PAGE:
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⋆B★G⋆ Shelby, Joseph O.

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gentlemanrob

Brigadier General
Forum Host
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Location
NE Georgia - SC
Joseph Orville Shelby

Shelby.jpg
Born:
December 12, 1830

Birthplace: Lexington Kentucky

Father: Orville Shelby 1803 – 1835

Mother: Anna Maria Boswell 1808 – 1892
(Buried: Lexington Cemetery Lexington Kentucky)​

Wife: Elizabeth M. Shelby 1841 – 1928
(Buried: Forest Hill Cemetery Kansas City Missouri)​

Children:

Joseph Boswell Shelby 1864 – 1940​
(Buried: Forest Hill Cemetery Kansas City Missouri)​
John Morgan Shelby 1878 – 1951​
(Buried: Forest Hill Cemetery Kansas City Missouri)​

Education:
Shelby 3.jpg


Attended Transylvania University​

Occupation before War:

Rope Manufacturer in Lexington Kentucky​
Steam Boating Businessman on the Missouri River​
Owner of a Hemp Plantation in Missouri​
Led a company on the pro slavery Side during bleeding Kansas​

Civil War Career:
Shelby 2.jpg


1861: Captain of a Cavalry Company​
1862 – 1863: Colonel of Confederate Army Cavalry​
1863: Leader of Shelby's Great Raid in Missouri and back to Arkansas​
1863 – 1865: Brigadier General of Confederate Army Cavalry​
Distinguished himself during Sterling Price's Missouri Raid​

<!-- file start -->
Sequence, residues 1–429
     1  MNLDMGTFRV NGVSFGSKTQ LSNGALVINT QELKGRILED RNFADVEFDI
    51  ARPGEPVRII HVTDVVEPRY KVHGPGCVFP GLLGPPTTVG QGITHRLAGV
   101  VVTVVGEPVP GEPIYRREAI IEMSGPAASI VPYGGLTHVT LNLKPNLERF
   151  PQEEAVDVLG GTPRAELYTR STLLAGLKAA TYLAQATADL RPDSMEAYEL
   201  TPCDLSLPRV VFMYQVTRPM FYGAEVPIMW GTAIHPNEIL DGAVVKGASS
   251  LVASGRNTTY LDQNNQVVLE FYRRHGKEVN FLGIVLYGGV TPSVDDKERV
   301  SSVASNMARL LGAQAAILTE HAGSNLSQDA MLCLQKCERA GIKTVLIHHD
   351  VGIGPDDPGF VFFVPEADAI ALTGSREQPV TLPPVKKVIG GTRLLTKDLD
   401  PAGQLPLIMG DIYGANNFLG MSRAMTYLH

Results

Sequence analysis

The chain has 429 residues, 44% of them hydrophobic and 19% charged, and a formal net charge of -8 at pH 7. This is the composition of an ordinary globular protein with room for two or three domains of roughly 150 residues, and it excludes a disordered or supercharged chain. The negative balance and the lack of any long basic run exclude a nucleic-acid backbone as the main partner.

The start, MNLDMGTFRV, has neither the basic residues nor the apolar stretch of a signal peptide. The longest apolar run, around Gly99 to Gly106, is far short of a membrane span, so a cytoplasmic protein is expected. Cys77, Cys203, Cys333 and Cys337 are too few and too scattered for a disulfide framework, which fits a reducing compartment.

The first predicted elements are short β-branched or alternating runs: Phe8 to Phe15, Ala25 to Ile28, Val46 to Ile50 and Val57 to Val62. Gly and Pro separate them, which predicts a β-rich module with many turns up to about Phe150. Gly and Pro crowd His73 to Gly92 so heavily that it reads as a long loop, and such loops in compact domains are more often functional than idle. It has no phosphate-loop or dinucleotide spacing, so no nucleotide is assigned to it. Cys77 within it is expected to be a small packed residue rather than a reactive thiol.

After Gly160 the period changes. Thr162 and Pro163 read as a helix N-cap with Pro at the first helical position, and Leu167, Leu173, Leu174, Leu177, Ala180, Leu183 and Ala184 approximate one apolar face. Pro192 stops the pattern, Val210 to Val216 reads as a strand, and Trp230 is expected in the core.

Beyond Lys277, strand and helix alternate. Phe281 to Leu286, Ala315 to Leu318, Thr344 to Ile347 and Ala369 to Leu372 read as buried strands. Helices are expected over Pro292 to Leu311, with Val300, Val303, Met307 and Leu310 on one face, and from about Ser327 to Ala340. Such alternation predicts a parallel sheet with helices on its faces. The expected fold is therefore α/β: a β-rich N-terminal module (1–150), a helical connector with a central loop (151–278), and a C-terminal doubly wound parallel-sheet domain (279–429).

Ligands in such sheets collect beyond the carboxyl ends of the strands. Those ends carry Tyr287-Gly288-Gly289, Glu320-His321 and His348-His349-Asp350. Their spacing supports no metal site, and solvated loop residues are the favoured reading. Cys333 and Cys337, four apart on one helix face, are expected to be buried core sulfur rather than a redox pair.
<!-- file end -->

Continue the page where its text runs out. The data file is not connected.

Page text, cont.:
1865: Unofficially a Major General of Confederate Army Cavalry​

Occupation after War:

1865: Rode South to Mexico with a 1,000 men not surrendering​
1865 – 1867: Lived in Veracruz Mexico​
1867 – 1893: Farmer in Missouri​
1893 – 1897: United States Marshal Western District of Missouri
Shelby 1.jpg

Died: February 13, 1897

Place of Death: Adrian Missouri

Age at time of Death: 66 years old

Cause of Death: Pneumonia

Burial Place: Forest Hill Cemetery Kansas City Missouri
 
Last edited by a moderator:

Polloco

2nd Lieutenant
Joined
Sep 15, 2018
Location
South Texas
In one of the descpritions of Him I came across this sentence..."From September 22 until November3 the stocky colonel slashed his way across Missouri". Stocky? His pictures don't reveal this about him, was He a Stocky person?
 

Patrick H

Lt. Colonel
Joined
Mar 7, 2014
In one of the descpritions of Him I came across this sentence..."From September 22 until November3 the stocky colonel slashed his way across Missouri". Stocky? His pictures don't reveal this about him, was He a Stocky person?
That's a good question and I don't have an answer. I agree he doesn't look stocky in the famous wartime photo portrait, but he had been living in the saddle for several weeks when that was made in Boonville, Missouri.
 
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Polloco

2nd Lieutenant
Joined
Sep 15, 2018
Location
South Texas
There is a story of how He took the battle flag , wrapped it around a rock and then threw it into the Rio Grande. Saying something like this flag will never surrender or something like that. Is there any truth to that legend?
 

Polloco

2nd Lieutenant
Joined
Sep 15, 2018
Location
South Texas
This bio states that Shelby was an "unofficial major general". Was He a a Kirby Smith appointee? Or was He just a brigadier who temporarily led a division?
 
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Polloco

2nd Lieutenant
Joined
Sep 15, 2018
Location
South Texas